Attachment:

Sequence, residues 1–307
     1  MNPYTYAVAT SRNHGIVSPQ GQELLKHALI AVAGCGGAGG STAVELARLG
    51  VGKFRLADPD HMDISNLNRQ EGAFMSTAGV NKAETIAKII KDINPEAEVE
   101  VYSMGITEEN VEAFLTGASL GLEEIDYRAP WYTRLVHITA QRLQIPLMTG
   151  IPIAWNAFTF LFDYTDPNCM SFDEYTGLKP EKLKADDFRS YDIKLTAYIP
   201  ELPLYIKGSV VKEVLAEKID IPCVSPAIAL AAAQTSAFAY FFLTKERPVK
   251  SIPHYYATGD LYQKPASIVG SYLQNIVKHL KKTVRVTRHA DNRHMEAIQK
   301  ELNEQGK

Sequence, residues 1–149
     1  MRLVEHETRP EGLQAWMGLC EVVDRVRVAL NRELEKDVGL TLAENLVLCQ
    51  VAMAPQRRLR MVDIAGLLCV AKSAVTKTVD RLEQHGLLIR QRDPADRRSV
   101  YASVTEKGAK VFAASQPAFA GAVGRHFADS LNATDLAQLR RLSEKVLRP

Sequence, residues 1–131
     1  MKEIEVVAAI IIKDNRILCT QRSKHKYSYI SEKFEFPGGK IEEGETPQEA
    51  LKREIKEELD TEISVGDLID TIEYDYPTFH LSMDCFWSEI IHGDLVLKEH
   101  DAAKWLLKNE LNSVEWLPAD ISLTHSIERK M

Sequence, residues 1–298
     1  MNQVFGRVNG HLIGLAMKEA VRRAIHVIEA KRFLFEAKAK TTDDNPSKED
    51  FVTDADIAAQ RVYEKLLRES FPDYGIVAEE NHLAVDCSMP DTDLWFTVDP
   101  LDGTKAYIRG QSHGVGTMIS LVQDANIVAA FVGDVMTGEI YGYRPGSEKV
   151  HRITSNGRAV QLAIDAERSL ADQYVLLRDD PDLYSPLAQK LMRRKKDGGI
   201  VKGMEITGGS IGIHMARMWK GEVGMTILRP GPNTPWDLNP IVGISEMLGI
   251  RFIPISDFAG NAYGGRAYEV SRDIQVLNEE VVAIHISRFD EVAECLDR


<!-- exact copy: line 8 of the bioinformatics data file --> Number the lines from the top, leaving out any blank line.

   301  ELNEQGK